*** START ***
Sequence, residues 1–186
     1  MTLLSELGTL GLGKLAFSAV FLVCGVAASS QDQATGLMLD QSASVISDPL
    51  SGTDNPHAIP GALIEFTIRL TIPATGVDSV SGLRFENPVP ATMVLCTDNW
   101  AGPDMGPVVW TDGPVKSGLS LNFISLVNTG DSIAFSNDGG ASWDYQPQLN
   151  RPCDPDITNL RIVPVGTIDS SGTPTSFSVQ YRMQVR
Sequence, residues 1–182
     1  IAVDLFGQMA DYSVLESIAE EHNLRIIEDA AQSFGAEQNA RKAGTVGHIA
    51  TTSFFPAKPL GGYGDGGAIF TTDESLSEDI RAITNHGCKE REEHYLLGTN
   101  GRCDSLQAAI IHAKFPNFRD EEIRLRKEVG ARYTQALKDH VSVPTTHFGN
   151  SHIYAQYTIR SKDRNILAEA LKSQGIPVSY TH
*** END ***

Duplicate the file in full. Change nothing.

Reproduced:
Sequence, residues 1–186
     1  MTLLSELGTL GLGKLAFSAV FLVCGVAASS QDQATGLMLD QSASVISDPL
    51  SGTDNPHAIP GALIEFTIRL TIPATGVDSV SGLRFENPVP ATMVLCTDNW
   101  AGPDMGPVVW TDGPVKSGLS LNFISLVNTG DSIAFSNDGG ASWDYQPQLN
   151  RPCDPDITNL RIVPVGTIDS SGTPTSFSVQ YRMQVR
Sequence, residues 1–182
     1  IAVDLFGQMA DYSVLESIAE EHNLRIIEDA AQSFGAEQNA RKAGTVGHIA
    51  TTSFFPAKPL GGYGDGGAIF TTDESLSEDI RAITNHGCKE REEHYLLGTN
   101  GRCDSLQAAI IHAKFPNFRD EEIRLRKEVG ARYTQALKDH VSVPTTHFGN
   151  SHIYAQYTIR SKDRNILAEA LKSQGIPVSY TH